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United States/Covers & Postmarks : Ink jet (jet spray) cancels

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Rhinelander
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24 Jan 2010
05:35:43pm
Ok. It is my understanding that this corner is not reserved for the rare and unusual, yet to say pricey. To make my point, here is a recent 25c acquisition of mine: a San Francisco postcard, mailed from Houston, Texas, August 11, 2006, to Cleveland, Ohio:

my pictureback

Here is the front of the card:

my picturefront

Well, obviously there is a reason why I am showing this card here. In fact, I have been looking for an item like it for a while, screening hundreds if not thousands of covers from the last couple of years. I hope to find a better one eventually, but this is what I can show for now.

Now, I promise not to let you in limbo for long, but what do YOU think why this card is a case for the cover corner?
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Harley
24 Jan 2010
06:05:28pm
re: Ink jet (jet spray) cancels

Well,lets see, an american picture postcard,printed in Korea,presumedly mailed from SF,California,with a Houston, TX cancel.
now that's a mixer.
It could be the sender did not mail it until he got back home (Houston?).
Does Smith Novelty Co. still exist?
I dont know what SF looks like,,is that S F or is it L A.
also a bit odd that the card recieved a cancel on both front and back.
wasnt postcard rate 24c in 2006 ?
TOM

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Rhinelander
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24 Jan 2010
06:21:46pm
re: Ink jet (jet spray) cancels

@ Tom

Hello! Thank you for taking a first stab.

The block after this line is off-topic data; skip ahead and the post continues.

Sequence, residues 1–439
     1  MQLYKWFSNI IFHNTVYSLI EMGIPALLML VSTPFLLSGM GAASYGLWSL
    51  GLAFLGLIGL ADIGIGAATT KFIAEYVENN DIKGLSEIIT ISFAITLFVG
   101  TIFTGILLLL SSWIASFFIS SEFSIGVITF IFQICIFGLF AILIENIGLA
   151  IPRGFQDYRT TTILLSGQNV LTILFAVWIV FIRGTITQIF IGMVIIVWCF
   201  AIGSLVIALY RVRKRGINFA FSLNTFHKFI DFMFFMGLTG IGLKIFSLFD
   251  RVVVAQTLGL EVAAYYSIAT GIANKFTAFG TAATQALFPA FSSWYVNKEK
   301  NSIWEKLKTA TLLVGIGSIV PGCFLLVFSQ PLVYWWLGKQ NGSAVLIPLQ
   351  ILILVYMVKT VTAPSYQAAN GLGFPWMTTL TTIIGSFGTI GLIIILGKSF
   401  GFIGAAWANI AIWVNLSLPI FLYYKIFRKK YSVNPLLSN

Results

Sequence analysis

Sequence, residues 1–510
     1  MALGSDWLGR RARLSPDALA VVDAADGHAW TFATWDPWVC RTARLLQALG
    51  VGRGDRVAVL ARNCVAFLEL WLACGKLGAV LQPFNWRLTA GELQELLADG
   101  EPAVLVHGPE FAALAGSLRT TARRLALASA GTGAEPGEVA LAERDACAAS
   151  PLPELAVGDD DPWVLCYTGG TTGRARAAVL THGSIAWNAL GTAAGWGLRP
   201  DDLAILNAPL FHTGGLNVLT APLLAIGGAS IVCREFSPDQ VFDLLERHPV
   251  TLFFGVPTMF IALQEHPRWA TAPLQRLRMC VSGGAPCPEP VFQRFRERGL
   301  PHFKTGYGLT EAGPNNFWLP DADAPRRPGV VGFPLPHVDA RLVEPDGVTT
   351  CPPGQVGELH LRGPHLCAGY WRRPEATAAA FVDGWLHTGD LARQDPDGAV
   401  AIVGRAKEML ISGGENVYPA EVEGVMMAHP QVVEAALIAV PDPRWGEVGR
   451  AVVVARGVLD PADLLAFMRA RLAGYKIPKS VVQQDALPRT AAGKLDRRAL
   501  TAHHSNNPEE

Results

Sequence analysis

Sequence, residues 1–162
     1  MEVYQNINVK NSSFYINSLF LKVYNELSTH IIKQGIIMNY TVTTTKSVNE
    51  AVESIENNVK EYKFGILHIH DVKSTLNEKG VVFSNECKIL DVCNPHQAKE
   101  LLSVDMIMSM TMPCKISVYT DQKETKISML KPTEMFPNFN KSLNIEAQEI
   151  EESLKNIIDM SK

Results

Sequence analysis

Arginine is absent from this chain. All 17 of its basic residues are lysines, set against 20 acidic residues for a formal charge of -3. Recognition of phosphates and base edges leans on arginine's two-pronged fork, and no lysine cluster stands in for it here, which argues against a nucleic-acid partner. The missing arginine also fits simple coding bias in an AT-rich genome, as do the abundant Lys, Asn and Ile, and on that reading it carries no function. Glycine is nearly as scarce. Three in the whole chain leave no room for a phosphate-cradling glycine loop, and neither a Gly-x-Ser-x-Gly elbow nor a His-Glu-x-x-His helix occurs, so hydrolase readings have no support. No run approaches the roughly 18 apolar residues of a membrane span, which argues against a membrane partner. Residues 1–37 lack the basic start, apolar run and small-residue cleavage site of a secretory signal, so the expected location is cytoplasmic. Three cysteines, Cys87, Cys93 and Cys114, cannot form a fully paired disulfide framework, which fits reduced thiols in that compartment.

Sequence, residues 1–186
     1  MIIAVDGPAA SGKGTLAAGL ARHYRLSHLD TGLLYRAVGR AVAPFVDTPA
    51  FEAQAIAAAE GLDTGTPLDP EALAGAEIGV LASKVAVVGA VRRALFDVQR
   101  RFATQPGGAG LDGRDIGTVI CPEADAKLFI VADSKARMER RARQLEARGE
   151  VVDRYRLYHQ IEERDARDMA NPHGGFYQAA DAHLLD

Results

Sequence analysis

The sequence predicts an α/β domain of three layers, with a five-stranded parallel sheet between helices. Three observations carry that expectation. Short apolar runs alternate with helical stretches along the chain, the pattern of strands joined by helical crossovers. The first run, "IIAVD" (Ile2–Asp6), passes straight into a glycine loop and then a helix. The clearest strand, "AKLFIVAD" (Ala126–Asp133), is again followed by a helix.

Well, let's see:

"an american picture postcard,printed in Korea,presumedly mailed from SF,California,with a Houston, TX cancel. Now that's a mixer." ==> Yes

"It could be the sender did not mail it until he got back home (Houston?)." ==> yes. maybe.

"Does Smith Novelty Co. still exist?" ==> No idea.

"I dont know what SF looks like,,is that S F or is it L A." ==> or Houston?

"also a bit odd that the card recieved a cancel on both front and back." ==> Yes. This is going in the right direction, but need to be a little more specific ...

"wasnt postcard rate 24c in 2006 ?" ==> Where are the rate experts when you need them?

To be continued?

(Message edited by rhinelander on January 24, 2010)

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Doe
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24 Jan 2010
06:27:41pm
re: Ink jet (jet spray) cancels

Where was the front of the card cancelled? I can't read it. LOL, don't make us wait too long! :-)

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Rhinelander
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24 Jan 2010
06:46:06pm
re: Ink jet (jet spray) cancels

Hello Doe,

Thank you for chiming in.

"Where was the front of the card cancelled? I can't read it." ==> Here are better(?) images of the cancels:

my pictureback

(Message edited by rhinelander on January 24, 2010)